Interview With Brazilian Author Cassia Cassitas

PictureCassia Cassitas is a Brazilian author of four books. Her latest - Riding - was just released this spring on Amazon. She made her career in technology and has remained in academics both as a teacher and a student, working on innovative projects. A mother to two adolescents, she published her first work, Sunday, The Game, in 2010. It was a digital best seller in Brazil. 

I hope you enjoy this  intimate Q and A with the author as much as I did. And be sure and check out my book review of her current release Riding which also includes links to connect with the author and to purchase. Just click HERE!

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Riding by Cassia CassitasWhere were you born and what were you like when young? Any interests or early signs you would later put pen to paper?

I was born in Arapongas, a small town in south of Brazil. During summer vacations, I actually went to the Public Library to borrow books. It was quite far and the time walking gave me the opportunity to think and dream. I was a dreamer reading old books. It made me to write about almost everything since childhood.

Can you share a bit about your journey to becoming a writer/published author?

I have books and notes everywhere. I read every day – literature is a window that enlarges my world, proposes alternatives and insinuates paths. In this search, writing was natural, a manner of counterargumentation, discussing and fiddling until the birth of the text. I delayed the publication of my first book since adolescence until, with grown sons and my life practically resolved, I decided that it was time to move on. My first book was published in 2010.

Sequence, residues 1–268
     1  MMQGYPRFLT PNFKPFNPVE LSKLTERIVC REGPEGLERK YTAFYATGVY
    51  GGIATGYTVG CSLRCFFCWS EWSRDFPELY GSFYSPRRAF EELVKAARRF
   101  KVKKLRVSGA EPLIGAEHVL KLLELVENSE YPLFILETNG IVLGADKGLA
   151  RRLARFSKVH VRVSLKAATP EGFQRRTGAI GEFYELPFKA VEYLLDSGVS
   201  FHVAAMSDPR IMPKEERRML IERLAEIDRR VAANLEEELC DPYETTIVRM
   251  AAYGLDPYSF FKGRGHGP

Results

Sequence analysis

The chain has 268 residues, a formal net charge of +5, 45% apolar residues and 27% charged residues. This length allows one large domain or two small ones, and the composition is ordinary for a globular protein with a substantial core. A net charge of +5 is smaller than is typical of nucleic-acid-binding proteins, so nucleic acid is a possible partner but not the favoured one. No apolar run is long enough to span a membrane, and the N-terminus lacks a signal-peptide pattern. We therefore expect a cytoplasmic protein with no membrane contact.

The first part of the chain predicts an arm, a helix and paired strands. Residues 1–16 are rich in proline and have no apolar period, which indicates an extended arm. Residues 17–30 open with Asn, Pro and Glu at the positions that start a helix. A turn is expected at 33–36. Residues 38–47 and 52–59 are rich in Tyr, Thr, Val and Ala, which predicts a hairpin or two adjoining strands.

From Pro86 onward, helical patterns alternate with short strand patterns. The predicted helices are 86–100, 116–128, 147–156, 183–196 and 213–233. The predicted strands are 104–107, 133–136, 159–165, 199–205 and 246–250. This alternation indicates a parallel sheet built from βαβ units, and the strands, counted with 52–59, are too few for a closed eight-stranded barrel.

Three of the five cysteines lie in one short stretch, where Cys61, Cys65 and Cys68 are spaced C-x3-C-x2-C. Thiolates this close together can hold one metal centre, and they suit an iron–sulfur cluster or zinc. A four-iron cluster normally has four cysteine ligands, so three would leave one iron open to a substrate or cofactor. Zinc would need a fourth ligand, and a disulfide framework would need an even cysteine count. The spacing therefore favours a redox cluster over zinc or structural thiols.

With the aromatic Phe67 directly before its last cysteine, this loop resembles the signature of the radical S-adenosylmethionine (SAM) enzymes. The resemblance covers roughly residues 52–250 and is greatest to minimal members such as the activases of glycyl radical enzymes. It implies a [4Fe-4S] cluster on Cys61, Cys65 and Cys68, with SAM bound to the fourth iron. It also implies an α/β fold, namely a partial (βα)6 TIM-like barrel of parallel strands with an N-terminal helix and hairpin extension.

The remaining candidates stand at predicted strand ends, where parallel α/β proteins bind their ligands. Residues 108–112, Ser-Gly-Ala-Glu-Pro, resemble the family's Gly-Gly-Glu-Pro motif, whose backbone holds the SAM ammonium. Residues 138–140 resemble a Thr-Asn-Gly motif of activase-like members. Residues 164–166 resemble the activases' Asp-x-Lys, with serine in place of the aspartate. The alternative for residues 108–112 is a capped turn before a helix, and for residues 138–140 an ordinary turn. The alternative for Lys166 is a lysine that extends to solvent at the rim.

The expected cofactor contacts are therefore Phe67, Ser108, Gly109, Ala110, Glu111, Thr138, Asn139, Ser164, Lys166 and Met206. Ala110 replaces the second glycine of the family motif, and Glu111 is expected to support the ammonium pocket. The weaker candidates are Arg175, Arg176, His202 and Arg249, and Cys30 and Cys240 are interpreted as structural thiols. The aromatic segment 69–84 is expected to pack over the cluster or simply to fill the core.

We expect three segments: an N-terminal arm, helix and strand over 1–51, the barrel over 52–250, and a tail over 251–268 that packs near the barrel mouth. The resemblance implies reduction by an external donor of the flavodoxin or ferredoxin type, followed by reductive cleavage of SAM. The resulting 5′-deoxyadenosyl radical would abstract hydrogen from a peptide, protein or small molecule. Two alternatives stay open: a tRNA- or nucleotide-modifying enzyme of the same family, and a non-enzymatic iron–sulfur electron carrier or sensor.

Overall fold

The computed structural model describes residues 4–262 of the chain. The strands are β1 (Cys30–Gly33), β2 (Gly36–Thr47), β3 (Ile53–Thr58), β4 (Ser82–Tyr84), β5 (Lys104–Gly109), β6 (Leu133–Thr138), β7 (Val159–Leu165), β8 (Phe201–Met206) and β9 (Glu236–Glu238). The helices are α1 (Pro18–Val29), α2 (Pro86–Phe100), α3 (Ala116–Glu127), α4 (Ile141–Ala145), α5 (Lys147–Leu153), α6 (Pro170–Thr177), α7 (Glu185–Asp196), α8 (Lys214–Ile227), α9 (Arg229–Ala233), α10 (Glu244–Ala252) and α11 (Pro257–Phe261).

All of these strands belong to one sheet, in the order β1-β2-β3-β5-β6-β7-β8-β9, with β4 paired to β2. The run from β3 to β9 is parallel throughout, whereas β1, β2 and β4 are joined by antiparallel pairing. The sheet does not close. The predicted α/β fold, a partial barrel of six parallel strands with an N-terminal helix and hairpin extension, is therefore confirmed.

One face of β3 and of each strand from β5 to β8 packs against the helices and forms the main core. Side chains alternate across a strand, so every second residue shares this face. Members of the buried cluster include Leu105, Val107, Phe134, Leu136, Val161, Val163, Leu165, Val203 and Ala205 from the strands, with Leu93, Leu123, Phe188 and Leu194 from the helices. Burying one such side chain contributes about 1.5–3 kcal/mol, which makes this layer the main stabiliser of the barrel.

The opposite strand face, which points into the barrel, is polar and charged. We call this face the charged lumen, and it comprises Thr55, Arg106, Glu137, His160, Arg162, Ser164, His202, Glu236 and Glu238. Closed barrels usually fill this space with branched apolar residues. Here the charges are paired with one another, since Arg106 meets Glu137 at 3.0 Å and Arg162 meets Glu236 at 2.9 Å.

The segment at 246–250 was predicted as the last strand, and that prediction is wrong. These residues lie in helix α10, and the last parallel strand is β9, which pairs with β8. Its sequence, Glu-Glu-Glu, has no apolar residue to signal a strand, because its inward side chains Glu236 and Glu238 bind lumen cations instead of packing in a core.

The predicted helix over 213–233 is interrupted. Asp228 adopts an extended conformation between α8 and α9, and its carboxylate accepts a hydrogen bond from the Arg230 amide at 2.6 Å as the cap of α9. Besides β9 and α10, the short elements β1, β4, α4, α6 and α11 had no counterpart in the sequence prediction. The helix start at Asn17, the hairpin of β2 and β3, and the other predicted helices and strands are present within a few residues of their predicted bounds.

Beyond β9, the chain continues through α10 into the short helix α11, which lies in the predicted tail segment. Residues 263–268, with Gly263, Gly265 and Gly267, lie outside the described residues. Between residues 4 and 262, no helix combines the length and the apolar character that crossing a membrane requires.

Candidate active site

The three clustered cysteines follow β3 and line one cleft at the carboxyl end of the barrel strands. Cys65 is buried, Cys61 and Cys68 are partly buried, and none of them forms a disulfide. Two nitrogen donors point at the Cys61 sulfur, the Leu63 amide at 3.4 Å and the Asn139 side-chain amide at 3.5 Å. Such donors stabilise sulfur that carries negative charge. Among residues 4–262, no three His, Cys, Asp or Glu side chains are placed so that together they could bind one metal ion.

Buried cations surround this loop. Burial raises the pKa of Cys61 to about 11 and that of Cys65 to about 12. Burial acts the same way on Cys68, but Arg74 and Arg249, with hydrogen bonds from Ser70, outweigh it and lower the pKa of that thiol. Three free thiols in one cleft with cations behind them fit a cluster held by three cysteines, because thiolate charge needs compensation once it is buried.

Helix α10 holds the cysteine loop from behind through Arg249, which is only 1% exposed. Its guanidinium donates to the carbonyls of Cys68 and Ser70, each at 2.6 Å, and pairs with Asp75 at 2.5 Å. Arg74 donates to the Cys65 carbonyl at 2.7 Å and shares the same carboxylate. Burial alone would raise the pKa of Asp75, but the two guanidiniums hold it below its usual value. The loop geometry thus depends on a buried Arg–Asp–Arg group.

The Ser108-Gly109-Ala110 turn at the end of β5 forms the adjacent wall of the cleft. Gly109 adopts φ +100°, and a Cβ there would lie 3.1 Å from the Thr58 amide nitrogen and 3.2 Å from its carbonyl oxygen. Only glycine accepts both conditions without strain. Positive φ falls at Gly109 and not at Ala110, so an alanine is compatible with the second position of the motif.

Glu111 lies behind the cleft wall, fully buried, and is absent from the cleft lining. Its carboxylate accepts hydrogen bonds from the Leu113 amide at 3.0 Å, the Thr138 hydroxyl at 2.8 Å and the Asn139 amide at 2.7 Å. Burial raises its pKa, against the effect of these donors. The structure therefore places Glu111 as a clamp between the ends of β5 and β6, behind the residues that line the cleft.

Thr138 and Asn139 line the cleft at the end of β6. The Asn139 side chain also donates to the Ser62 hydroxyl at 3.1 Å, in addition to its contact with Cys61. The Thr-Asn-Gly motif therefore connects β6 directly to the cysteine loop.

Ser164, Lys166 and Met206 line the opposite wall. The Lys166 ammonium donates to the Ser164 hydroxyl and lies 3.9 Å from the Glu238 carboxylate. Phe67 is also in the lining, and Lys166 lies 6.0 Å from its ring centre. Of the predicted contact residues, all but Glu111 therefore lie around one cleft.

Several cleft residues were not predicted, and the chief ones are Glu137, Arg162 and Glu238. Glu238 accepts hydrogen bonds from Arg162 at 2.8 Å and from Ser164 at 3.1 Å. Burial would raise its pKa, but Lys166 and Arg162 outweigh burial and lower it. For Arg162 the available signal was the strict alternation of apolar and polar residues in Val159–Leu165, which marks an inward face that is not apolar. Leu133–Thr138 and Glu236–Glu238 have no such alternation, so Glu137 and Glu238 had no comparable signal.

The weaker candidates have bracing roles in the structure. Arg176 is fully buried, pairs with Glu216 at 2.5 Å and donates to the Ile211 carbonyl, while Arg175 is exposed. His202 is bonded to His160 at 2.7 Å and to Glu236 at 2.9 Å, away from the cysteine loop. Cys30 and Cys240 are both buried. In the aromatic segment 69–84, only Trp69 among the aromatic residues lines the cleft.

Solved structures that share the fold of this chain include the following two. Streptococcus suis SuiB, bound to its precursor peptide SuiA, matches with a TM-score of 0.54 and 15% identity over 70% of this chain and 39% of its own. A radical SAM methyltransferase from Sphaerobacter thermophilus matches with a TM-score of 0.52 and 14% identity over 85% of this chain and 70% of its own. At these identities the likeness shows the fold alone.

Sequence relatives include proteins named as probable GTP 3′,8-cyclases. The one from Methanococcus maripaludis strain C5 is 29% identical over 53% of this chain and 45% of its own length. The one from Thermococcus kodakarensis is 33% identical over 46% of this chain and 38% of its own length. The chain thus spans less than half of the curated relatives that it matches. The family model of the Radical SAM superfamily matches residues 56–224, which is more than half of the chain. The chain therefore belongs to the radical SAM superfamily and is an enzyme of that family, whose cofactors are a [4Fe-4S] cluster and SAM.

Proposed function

Where do you find inspiration for your storylines? The characters you create?

From questions that magnetize society, mobilize people. By coexisting with groups of different interests and formations, I notice some themes are atemporal, are present for everyone with different connotations. My characters are born to reproduce the convergence that unites us and the diversity that divides us. I like setting them in Brazil in scenarios rarely explored. My first book, Sunday the Game, addresses familial relations during a family lunch. In Saga of Wealth, Brasil under the impact of the American bubble in 2008 is the setting of the relationship of people with money. In Riding, relations defy life, and the world spins following the rhythm of sports. The narratives are short, human, and strong as an athlete.

The opening chapter for Riding is very usual - almost a dream sequence. Can you share a bit about the meaning of this opening and what it's importance is to setting up the story that follows?

Despite showing the world through the eyes of a cyclist, Riding is a book to be read with all senses. In “Shards” there are ruptures and new beginnings. “Looking at the parts,” the reader is invited to select possibilities and paddle in its direction. The chapter connects all elements approaching and leaving as life does. After reading “Shards,” the reader does not expect a cycling guide, because he knows Riding is about human beings seeking happier existences.